Author: Lisa McGrimmon | Published: April 4, 2014 | Modified August 4, 2019
Slat walls are sometimes used for portable craft show displays. I've seen them most frequently used at longer indoor shows.
I see grid wall panels used more often to create a similar look. Grid wall panels make good use of the full height of your wall space. They are a good, portable alternative to slat walls, particularly if you do a lot of shorter and outdoor shows.
If you're thinking about using slat wall panels for your craft booth, check out these booth photos.
Here's an impressive leather goods booth made entirely from slat walls. This display is sturdy, professional and highlights the products for sale.
The narrow panel tower at the front corner of the booth provide a place to effectively highlight key pieces that will draw shoppers into the booth.
Notice the bright colored bags placed strategically at eye level. Placing impactful items at eye level is an essential visual merchandising strategy you can use to create a more effective display.
This display would require a lot of work to put together. It was at a major, two week long indoor show, where vendors tend to use more substantial display furniture.
There are other display options, like gridwall displays, that are more easily portable than slat walls. But if you're selling at longer indoor shows, a more substantial display might be the right choice.
Next, I have two photos of the same booth, at the same show, but the first photo was taken a year before the second photo.
This handbag display booth started with subtle green slatwalls highlighted with darker green accents. The following year, this designer decided to switch to neutral, white slat walls.
In comparing the two photos, you can see what an impact color can have on your display. You can use colored slat walls to create an eye-catching innovative booth that stands out from the crowd, and adds to the look of the booth without competing with the product. Or you can use neutral colored walls to create a backdrop that's functional and simple.
It's your choice.
I think both displays look great, and I do love to see the evolution of craft artists' displays over the years.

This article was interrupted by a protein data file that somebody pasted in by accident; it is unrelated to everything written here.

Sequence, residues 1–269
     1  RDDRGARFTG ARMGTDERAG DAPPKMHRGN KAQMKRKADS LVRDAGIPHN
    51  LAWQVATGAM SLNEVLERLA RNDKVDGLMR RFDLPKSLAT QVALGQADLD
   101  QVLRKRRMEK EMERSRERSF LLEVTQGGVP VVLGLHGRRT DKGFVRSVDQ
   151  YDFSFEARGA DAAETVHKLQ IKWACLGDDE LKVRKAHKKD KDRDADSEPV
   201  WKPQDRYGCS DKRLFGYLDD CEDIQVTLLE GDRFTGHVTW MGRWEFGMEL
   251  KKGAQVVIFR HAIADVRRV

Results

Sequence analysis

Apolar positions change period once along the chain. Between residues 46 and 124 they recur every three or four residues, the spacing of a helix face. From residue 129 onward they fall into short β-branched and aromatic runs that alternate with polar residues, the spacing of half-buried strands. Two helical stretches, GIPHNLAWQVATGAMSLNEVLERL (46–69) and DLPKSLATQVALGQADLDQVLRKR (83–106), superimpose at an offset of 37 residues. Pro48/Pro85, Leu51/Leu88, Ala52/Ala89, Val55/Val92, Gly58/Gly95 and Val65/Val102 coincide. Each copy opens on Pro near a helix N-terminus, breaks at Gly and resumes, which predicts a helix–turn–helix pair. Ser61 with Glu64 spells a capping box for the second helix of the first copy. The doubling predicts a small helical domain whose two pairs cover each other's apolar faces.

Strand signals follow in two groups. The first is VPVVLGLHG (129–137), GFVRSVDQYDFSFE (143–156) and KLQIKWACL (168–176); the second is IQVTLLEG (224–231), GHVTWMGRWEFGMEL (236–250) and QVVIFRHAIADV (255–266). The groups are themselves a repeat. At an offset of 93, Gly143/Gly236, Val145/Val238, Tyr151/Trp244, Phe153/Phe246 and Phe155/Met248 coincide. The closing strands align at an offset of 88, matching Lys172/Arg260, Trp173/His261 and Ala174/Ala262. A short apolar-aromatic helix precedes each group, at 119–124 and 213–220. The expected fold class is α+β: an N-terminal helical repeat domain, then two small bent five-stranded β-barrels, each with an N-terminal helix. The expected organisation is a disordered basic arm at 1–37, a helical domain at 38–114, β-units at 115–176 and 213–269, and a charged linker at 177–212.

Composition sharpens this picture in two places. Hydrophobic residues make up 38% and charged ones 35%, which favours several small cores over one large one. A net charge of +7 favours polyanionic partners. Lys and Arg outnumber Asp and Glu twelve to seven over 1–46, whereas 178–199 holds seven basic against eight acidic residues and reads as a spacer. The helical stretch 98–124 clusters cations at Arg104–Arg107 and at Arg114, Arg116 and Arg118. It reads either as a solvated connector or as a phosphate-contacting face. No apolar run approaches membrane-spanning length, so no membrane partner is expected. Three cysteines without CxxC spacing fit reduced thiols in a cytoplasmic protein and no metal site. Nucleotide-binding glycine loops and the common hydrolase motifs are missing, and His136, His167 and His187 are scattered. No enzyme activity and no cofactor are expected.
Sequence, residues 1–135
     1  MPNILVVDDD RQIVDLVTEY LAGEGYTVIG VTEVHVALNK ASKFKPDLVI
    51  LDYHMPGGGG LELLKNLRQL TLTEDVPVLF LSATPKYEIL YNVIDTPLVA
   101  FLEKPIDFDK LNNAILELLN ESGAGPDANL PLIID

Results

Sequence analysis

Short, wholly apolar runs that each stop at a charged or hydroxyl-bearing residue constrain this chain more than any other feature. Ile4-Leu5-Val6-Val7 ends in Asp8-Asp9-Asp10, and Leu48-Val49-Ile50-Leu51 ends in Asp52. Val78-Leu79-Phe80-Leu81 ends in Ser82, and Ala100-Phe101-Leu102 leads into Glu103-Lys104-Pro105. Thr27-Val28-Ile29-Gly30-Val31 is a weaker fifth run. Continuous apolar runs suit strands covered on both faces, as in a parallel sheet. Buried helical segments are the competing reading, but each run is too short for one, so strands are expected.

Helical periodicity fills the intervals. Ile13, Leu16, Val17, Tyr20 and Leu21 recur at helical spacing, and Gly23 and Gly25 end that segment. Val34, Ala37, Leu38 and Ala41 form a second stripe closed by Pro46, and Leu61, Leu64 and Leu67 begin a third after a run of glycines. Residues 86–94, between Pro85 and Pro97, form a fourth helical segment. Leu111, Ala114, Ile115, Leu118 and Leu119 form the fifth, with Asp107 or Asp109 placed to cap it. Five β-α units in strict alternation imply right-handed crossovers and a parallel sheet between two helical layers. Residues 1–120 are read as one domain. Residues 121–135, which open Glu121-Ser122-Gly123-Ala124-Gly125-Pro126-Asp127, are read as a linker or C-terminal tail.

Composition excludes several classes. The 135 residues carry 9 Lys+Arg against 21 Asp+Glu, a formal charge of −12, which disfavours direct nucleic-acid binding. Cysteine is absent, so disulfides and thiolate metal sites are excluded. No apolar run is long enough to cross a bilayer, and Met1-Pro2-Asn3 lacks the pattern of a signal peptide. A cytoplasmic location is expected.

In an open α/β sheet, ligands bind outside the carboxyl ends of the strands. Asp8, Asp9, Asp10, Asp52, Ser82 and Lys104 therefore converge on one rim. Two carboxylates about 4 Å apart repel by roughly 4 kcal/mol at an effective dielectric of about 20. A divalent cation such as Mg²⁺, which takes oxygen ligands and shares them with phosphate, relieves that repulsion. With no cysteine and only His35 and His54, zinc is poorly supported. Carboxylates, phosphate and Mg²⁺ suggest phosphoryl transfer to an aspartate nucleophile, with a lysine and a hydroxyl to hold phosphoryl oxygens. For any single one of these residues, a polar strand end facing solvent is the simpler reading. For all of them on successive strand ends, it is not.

This next booth has panels arranged in a stable U-shaped configuration.
Notice the bar with lights secured across the top of the panels. In addition to adding important lighting to the booth, the bar at the top also adds to the stability of the panels.
It's important to remember that slat walls are frequently used in more permanent spots, like retail store displays and garage organization, where they are secured directly to a wall and not portable. With that in mind, do be sure that any slat wall panels you purchase for a craft booth is portable and free standing.
First, I love the hats featured in this next booth. I bought one for myself after years of looking for a sun hat that was both cute and actually fit my big head.
This display is simple and works well. The mirrors secured to the panels allow customers to try on and check the look of any hat they like. The millinery hooks on the panel are specifically designed for displaying hats. They do a great job of giving each hat its own place of importance.
As a customer, what I really loved about this display was the fact that I could, at a glance, see every color and style of hat available. I could quickly find the color I wanted and then try on several styles in that color to find the one that suited me best.
An excellent, customer-friendly display!
There's plenty of storage on the bottom of these panels.
The bottom cupboards would provide an excellent, stable base for supporting the slatwalls, plus they provide a convenient, hidden location for storing extra stock and the craft show survival necessities you need to bring along.
Slat walls have a lot in common with grid walls, so you'll probably want to consider both to determine which system is best for your needs.
There are a few negatives to keep in mind when using slat walls in your craft show booth:
Slat walls also come with many positives that, in the right situation, can offset the negatives:
If you're comparing a slat wall system with a grid wall system, and trying to decide which is best for your needs consider:
Both types of displays tend to be heavy.
Check the weight before you buy, and ensure you will be able to move the units yourself or with a helper if you'll have one.
Determine how the height and width of the panels will work together to create a cohesive booth. Also consider how you will be able to reconfigure your booth to suit different situations.
If you make heavier items or plan to hang a lot from each panel, be sure to check how much weight each panel can safely hold.
Consider the look of each system. Slat walls generally provide a cleaner look. You can hide the metal of a grid wall behind a well-placed curtain or buy white grid wall panels that blend in against your white tent sidewalls.
Think about what types of shows you do, and how frequently you do shows. You might decide to go with a booth configuration that looks great and functions well but is a fair amount of work to put together and take apart. That option could work for you if you tend to do major, multi-day shows where you're leaving your booth assembled for several days.
If, on the other hand, you do many one or two day shows, you'll need to look carefully at ease of construction and tear-down.
Take a look at the accessories available for each system to ensure you can find the types of hooks and shelving you need to display your work at its best.
Of course, don't forget to compare prices. Slat wall panels are generally pricier than grid wall panels (although, if you look around, you might be able to find a great deal). However, if you do a lot of profitable shows, they may be well worth the investment.